I've been looking at these machines in jewelry supply catalogs. They're expensive. And too much money for just my hobby budget. Anybody know how these work? I'm checking on Google today but any help is sure appreciated. Thanks, Eric R Snow
Based on zero firsthand knowledge about CD welding, I'd say you could probably build one fairly inexpensively. I did recently build a transient generator that produces 150-amp pulses for EMI testing.
claims 680,000 uF of capacitance and 110 joule output with voltage up to 18 volts. That's about $100 worth of caps if bought new from Digi-Key, but you might do much better at a surplus outlet. A supply to charge the caps would be dirt simple if you don't need high rep rate.
Switching could be done with MOSFET's or a big SCR. I'd use MOSFETs. IRF1404Z from Int'l Rectifier can handle 100-amp pulses with no problem; they're $1.64 each in lots of 10, and I'd use 10 of 'em in parallel for 1000-amp pulses.
I think lead resistance would provide some current limiting, but I'd still use a series inductance of about 220 uH to limit peak current to
1000 amps or less. That'd probably be an air-core inductor to avoid saturating core material.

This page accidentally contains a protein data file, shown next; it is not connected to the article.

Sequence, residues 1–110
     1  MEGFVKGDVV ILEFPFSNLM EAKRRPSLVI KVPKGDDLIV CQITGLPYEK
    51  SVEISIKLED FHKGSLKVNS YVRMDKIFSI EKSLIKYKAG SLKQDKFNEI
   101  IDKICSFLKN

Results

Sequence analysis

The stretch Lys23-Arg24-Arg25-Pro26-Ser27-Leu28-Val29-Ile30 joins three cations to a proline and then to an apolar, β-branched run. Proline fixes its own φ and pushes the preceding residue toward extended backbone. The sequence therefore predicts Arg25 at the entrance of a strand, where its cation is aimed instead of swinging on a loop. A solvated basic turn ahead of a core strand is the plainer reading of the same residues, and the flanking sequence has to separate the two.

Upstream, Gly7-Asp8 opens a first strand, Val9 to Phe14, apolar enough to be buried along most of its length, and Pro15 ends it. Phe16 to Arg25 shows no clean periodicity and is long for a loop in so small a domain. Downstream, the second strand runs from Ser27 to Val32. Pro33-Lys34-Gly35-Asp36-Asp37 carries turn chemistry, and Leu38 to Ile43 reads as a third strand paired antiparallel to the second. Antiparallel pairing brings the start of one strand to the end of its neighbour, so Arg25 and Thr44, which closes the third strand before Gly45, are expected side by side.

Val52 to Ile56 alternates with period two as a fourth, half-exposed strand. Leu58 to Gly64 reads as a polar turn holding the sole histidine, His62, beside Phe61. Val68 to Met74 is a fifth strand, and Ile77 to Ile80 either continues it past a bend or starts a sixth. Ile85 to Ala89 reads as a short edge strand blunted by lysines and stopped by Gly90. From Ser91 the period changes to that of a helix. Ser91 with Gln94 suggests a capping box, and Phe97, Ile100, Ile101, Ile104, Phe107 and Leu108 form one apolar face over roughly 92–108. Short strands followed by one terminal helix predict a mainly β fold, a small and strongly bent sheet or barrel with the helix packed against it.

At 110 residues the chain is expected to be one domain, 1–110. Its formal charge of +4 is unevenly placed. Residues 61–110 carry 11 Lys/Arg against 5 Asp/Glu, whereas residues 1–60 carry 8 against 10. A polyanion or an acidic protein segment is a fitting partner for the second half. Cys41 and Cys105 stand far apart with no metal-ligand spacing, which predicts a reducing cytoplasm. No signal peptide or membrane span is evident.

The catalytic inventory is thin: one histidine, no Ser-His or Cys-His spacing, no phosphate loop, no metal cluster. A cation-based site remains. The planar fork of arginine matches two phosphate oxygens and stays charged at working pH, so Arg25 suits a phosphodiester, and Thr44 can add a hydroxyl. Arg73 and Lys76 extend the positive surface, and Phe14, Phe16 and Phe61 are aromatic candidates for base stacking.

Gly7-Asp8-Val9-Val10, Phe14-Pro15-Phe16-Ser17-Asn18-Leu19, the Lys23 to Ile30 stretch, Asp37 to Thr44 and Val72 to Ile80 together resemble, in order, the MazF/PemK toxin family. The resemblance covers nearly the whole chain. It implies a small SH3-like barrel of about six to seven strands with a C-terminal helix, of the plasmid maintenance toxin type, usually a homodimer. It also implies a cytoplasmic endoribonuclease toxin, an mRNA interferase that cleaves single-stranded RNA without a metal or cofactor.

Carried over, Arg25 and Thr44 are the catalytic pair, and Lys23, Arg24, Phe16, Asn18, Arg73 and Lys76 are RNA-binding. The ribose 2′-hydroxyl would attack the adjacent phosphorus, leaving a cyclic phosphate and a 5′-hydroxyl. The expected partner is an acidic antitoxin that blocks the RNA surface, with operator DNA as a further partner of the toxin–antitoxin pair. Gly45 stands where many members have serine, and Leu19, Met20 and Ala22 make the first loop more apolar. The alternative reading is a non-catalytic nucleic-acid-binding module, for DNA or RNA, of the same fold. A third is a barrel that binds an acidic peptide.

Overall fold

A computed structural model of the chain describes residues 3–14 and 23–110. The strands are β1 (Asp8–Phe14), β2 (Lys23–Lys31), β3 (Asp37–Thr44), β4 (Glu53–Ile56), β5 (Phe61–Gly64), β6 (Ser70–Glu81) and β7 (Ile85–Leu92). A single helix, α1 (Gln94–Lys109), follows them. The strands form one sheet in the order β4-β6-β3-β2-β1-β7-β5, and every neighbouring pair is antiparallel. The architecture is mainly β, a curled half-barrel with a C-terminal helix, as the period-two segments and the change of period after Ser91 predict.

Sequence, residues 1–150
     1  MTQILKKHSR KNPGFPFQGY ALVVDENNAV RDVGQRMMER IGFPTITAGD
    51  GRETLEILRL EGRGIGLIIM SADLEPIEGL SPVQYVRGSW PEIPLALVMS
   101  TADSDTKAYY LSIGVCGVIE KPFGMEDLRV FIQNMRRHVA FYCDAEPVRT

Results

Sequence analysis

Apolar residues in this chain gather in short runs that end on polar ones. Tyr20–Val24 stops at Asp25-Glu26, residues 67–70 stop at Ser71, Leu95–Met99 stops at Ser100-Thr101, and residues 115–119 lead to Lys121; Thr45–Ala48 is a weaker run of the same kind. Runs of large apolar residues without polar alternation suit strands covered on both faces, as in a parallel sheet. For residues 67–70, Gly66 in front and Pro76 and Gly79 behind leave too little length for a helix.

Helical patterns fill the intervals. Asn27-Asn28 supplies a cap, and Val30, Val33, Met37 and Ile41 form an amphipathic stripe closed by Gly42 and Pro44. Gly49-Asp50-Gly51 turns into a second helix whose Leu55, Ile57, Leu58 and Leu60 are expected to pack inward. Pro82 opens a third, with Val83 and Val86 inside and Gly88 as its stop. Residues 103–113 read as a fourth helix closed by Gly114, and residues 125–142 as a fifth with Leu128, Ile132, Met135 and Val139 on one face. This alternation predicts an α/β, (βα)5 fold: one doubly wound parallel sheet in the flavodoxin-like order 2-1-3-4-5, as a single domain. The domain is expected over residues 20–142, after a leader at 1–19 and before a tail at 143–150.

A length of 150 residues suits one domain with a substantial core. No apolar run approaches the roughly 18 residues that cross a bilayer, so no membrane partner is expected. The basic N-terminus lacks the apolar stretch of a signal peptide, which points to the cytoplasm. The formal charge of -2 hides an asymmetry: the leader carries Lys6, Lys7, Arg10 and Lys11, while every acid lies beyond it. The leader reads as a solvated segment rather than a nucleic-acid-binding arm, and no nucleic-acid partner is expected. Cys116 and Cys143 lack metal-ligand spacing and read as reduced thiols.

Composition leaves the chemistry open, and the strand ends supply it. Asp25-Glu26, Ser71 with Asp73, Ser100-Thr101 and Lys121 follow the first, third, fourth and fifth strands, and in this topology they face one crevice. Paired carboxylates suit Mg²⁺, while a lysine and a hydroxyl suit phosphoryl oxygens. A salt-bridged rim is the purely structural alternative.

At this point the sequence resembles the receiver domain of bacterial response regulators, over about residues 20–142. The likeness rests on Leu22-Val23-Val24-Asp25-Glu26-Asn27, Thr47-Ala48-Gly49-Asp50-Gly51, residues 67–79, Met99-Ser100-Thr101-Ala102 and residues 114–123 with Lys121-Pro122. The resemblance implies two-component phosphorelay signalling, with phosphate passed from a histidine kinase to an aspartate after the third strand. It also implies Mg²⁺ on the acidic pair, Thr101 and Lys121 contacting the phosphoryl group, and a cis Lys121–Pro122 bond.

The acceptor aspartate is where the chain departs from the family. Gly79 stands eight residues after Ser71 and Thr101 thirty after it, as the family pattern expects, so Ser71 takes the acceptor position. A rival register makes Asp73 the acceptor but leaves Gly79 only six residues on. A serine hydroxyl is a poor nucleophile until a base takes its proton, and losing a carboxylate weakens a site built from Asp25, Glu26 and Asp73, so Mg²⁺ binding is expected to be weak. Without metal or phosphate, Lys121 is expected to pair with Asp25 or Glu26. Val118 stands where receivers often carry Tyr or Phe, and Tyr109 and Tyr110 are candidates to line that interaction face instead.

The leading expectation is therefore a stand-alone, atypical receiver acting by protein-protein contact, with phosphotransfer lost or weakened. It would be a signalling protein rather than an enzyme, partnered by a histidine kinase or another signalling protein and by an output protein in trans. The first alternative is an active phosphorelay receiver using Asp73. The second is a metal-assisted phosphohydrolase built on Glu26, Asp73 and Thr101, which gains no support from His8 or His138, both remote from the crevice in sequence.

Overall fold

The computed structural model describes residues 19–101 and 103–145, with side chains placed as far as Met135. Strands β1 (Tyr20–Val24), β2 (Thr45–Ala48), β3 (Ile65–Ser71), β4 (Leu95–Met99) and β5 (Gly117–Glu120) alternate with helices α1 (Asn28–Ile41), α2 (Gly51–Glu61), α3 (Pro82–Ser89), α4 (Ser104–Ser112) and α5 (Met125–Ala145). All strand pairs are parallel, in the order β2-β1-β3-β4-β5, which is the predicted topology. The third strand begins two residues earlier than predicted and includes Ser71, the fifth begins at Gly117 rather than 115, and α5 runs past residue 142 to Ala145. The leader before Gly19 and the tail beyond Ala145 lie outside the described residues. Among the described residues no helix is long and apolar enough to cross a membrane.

I think it would be easier with fat Smart-FETS than with an SCR. Unless you're very lucky, you'll not find a gate turn-off SCR in that kind of capacity you can afford.
And unless you can gate the thing off, you'll have a tricky system to adjust the energy delivered to the work. With gating, you could just vary the pulse width, and keep the peak voltage constant. The IR smart-FETS are nearly indestructible, so the output stage would be easy.
A farad of capacitance at the 18v working voltage wouldn't cost much, for ordinary filter caps, but you'll need units specified for CD duty, or you'll fry the welds (or crimps) to the plates inside the caps at the currents you're asking them to deliver.
It is not quite as simple as just discharging some capacitors. The capacitors should have a low ESR [effective series resistance] or they might blow. That is why "photo flash" caps are made. Older small welders used oil filled caps at higher voltage and discharged them through a pulse transformer. If you ave access to used machinery stores look for Sippican [sp] or Hughes. They were used in the vacuum tube industry and we used them in the "old" days to make modules with discreet semiconductors.
A big SCR works fine, unless you need +/- 1% control of energy due to some standards organization. I build one of these things years ago. You adjust energy with a variable voltage power supply. I used a 100 A SCR, and applied a strong trigger pulse with a switch and R-C network to get the SCR saturated quickly. I used ordinary computer-grade caps, and it worked until the equipment was no longer needed.
If you aren't stupid enough to open them, I can't see any reason to care that isn't 100% pure paranoia.
Same applies to asbestos... "Abating" the so-called threat creates more threat than existed if it had just been left alone... (No, I'm not saying that asbestos is harmless - Just that it's harmless *WHEN LEFT ALONE*)